So, I’m a sweet little drone on one of three space freighters humanity used to escape Earth’s fiery annihilation. The aliens responsible are in pursuit, finding me in random rooms, entering through doors and cracks in the wall. I am armed with a pogo stick, one of many unlockable, offensive items I can get from the green machine, arbitrarily. At first I thought this was a joke weapon compared to the heavy artillery and nifty handguns available, but it’s actually quite useful against tough enemies, in a downwards kind of a way.
Mastering an endless procession of weapons and understanding how everything works is key to survival, because I have to be able to quickly adapt to a range of contexts. Trying to shoot tiny flying creatures with a precision rifle is challenging, especially if I can simply lob a grenade from the red machine in their general direction and take them all out in one hit. Alternatively, when being charged by a muscular green thing, some kind of rocket launcher is more helpful than emptying the entire clip of a more basic weapon.
Indeed, it’s the slow stream of unlocks that keeps me playing. I can be awful at the game and still get new toys incrementally. Game modes are added via progression, with levels randomly requiring survival or task completion, like carrying fuel to a drop point (while also surviving). Carefully consider other elements to play, like whether to turn off the death windmills, as they will deal damage to everyone. Further, hit-points carry across four levels and preparing for the fourth is paramount, you’ll see.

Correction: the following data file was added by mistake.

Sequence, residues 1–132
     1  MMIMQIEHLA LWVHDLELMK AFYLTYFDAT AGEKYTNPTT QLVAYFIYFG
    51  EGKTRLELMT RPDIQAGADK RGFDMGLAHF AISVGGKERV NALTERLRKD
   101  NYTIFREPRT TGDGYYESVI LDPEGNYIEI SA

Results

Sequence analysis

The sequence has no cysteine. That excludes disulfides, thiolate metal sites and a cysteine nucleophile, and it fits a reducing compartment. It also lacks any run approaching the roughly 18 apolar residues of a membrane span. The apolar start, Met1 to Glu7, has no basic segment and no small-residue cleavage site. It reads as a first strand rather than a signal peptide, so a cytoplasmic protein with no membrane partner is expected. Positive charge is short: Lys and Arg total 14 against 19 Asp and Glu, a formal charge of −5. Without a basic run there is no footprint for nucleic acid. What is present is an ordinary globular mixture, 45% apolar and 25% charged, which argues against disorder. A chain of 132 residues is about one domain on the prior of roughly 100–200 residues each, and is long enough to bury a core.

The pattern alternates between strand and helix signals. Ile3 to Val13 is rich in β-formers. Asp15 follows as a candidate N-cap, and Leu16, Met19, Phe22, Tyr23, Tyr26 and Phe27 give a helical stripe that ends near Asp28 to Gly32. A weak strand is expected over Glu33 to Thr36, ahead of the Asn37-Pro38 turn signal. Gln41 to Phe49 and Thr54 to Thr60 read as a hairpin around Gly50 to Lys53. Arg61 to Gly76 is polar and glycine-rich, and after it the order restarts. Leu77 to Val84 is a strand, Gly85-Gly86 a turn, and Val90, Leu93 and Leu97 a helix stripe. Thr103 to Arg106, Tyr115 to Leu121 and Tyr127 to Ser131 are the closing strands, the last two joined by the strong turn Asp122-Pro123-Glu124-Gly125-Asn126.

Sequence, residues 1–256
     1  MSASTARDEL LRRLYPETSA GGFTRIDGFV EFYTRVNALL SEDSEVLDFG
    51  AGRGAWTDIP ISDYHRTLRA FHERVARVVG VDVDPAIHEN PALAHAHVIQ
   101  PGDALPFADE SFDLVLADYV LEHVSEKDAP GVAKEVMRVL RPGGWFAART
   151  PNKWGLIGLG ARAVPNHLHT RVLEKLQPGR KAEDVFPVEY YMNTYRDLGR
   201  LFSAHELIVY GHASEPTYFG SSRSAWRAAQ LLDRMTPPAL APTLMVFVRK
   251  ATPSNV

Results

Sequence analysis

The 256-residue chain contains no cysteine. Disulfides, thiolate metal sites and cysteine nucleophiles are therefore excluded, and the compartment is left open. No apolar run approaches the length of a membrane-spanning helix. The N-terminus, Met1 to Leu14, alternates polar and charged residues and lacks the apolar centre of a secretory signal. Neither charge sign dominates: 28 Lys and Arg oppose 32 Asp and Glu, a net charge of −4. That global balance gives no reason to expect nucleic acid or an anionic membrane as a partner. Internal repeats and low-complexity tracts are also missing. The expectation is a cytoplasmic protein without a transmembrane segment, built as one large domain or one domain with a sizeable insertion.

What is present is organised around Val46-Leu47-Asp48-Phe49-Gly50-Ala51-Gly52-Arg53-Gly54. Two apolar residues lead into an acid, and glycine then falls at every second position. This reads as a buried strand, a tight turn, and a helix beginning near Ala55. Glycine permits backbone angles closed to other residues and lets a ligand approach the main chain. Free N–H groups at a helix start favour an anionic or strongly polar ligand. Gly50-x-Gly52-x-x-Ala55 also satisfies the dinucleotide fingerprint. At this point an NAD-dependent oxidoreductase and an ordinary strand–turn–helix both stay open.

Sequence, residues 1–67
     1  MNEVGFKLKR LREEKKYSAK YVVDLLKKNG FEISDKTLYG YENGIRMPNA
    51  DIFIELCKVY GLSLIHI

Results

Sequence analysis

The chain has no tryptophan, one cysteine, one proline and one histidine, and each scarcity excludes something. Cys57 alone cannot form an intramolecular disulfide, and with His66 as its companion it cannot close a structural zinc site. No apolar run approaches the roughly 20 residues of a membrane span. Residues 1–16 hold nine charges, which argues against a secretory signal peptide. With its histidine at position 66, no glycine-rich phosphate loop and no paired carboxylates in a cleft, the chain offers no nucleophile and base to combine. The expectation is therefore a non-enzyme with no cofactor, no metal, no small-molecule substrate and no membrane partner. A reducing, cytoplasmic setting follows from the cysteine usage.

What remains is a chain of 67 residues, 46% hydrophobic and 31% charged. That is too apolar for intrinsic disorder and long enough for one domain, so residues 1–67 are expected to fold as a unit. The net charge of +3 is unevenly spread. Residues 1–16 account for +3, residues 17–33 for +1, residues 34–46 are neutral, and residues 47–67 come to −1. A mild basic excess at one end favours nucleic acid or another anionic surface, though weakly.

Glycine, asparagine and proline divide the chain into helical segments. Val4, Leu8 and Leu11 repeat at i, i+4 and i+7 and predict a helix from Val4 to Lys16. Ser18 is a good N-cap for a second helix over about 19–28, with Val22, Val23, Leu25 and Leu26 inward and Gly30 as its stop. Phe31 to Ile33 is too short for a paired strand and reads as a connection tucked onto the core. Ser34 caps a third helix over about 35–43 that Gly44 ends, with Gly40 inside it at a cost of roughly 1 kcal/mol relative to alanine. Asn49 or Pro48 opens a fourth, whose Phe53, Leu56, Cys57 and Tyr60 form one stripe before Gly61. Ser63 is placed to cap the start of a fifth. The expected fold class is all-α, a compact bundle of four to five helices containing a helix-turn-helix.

Any given level may be comprised of a range of mechanical item dispensers, like weapons caches, medical stations, and explosives depos, with cooldown timers after use. Sometimes, there may be no way to get new weapons, but an off-hand item can generally be equipped. I particularly like being able to fling the Pulse Chakras at aliens, but if it doesn’t bounce back, it will require retrieval. The game unfolds rapidly and taking damage in pursuit of what I needed quickly became part of my strategy.
Further, if I want to stay alive, it’s important not to stop to appreciate the artwork. To the backdrop of gentle space, the fluorescent mayhem happens inside an intricate, industrious, and very purple, structure. Or, in another galaxy, green. I’ve been watching people play this at Sydney’s Beer and Pixels for more than a year and I just love how it looks. The effort seems wasted, somehow. Gaze at its beauty and die. At least I can rock out to alien-smooshing, chiptuney-dubstep without getting too distracted.
At this point, I would like to tell you that there’s hope for humanity. I’m trying my best to save us, I really am, but I’m still only in the second galaxy, of three. And, come to think of it, I haven’t actually seen a human, yet. That’s a worry. Super Mutant Alien Assault explores a few simple concepts and mechanics to their full potential. It’s quite possible, after playing for a bit longer, I’ll unlock that special weapon that will take me to the end of the game, something even more powerful than the pogo stick, and probably twice as ridiculous.